Lifestyle

Living With Schizophrenia: Lobbe Brothers Talk Mental Health

As Mental Health Week kicks off across Australia from 8 to 14 October, Port Adelaide Football Club ruckman Matt Lobbe and his younger brother Tom speak out about their family’s experience with depression and schizophrenia. The lads take their role of Mental Health Week Ambassadors seriously. The nationwide statistics are alarming. In Australia, an average of eight deaths a day are attributed to suicide. Of that, men are twice as likely to take their own life than women. Through sharing their deeply personal story, the brothers hope to raise to awareness and reduce stigma. We salute them for it.

Matt and Tom Lobbe have a strong sibling connection carved during their idyllic childhood in Melbourne’s Dandenong Ranges. Summer days were spent playing backyard cricket, basketball, soccer and footy challenges with little brother Caleb. Back then, Tom dreamed of being an astronaut, firefighter or gardener (he achieved the latter), while Matt had his sights set on football and recently celebrated 10 seasons with Port Adelaide.

Mental Health Week

Below the surface, Tom was battling a war of his own. The signs of mental illness started during his teens. “I was undergoing a lot of challenges,” he says. “I was quite down, quite anxious, and obsessive-compulsive. I really didn’t know what I was going through.”

He was 19 when he was diagnosed with schizophrenia. “Basically, I hear voices and have thoughts in my head and some hallucinations when I’m extremely stressed,” he says. “One of the toughest days of my life was when I was actually told that I do have schizophrenia,” he pauses. “But in saying that it was a good day too because I knew what I was up against.”

“I hear voices and have thoughts in my head and some hallucinations when I’m extremely stressed.”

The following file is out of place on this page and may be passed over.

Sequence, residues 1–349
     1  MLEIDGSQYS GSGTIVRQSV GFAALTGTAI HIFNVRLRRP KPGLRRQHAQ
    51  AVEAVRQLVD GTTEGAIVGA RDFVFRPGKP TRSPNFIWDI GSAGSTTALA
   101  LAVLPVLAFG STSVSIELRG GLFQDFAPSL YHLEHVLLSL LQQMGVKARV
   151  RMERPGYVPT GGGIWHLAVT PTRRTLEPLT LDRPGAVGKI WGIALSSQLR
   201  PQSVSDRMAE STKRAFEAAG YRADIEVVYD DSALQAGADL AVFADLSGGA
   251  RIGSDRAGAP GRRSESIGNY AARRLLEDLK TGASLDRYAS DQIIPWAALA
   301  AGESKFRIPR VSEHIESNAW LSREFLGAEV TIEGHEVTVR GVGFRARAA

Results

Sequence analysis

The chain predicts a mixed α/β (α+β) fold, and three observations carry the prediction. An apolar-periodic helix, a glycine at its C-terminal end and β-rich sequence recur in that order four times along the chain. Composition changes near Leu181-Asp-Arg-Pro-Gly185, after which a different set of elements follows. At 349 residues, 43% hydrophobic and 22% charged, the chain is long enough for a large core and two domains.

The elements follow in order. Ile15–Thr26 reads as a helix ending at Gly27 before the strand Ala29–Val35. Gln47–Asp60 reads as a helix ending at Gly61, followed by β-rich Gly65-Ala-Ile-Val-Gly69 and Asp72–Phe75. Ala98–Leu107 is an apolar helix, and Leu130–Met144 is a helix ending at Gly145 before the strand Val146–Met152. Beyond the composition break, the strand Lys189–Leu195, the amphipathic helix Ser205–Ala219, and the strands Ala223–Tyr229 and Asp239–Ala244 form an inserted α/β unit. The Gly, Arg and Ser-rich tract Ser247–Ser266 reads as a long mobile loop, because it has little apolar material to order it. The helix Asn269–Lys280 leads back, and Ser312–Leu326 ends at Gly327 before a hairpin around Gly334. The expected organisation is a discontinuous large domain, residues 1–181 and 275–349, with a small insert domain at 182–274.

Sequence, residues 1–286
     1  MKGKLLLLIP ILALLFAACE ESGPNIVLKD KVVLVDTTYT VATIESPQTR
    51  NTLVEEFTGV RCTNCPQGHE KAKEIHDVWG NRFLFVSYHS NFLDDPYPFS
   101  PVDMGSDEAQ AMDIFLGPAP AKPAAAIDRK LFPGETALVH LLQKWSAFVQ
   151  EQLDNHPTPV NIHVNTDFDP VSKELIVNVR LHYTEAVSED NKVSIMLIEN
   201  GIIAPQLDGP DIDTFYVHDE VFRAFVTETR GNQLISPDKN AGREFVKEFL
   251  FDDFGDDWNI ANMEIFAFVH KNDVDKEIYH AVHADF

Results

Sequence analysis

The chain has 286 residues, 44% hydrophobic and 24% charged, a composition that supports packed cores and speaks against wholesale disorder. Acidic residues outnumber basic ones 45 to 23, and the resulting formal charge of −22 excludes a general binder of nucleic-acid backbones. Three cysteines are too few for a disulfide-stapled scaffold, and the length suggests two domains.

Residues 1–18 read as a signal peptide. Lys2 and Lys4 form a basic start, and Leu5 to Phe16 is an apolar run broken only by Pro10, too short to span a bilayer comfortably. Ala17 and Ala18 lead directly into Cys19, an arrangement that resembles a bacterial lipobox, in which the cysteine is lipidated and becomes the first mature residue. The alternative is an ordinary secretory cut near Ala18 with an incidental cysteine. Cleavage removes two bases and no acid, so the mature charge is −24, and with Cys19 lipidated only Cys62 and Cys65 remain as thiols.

He had resilience on his side. “Tom always had a learning difficulty growing up so it always made him unique,” Matt says. “He was super resilient from an early age because he had to learn a bit differently. Once he got diagnosed all that resilience just came back. He’s pretty inspiring to me and to other people as well. It’s just a great story of how you can work through something and look at all the positives of it.”

Tom describes the years following diagnosis as a journey. “I’ve had to work to get where I am now. The first two to three years were quite tough. I had to step back a bit from general activity. For the first six months I wasn’t very sociable, I wasn’t driving, I wasn’t going out much, that sort of thing. My lowest low was probably when I felt alone. The hardest thing about my illness was the times [during] the first six months where I’d try to go to sleep and all I could hear was just constant voices – like they were outside my bedroom window – and I was genuinely scared. It was tough.”

A supportive family was crucial. “I don’t think I’d be here today if I didn’t have that family and friend support behind me,” he says. “It’s almost too hard to do on your own. To be truthful, I think the best thing people with [mental] illness can do is speak up and actually say ‘Look, I need you right now, I need you to get behind me, I need you to help me, I can’t do this on my own, it’s really important that you back me in to get through it.’

Mental Health Week

Some people simply didn’t understand. “It can be quite daunting to hear,” he says. “It’s quite a full-on illness in the thick of it. I had one friend who stepped back and was quite scared for the first month or two. As he got to know me a bit more he felt better about his own health, because he’s had challenges too. I think that’s what it’s about really… it’s about removing some of the stigma and letting other people know that illness is just as illness, you know, it doesn’t change who the person is.”

The boys also watched their mum go through struggles of her own.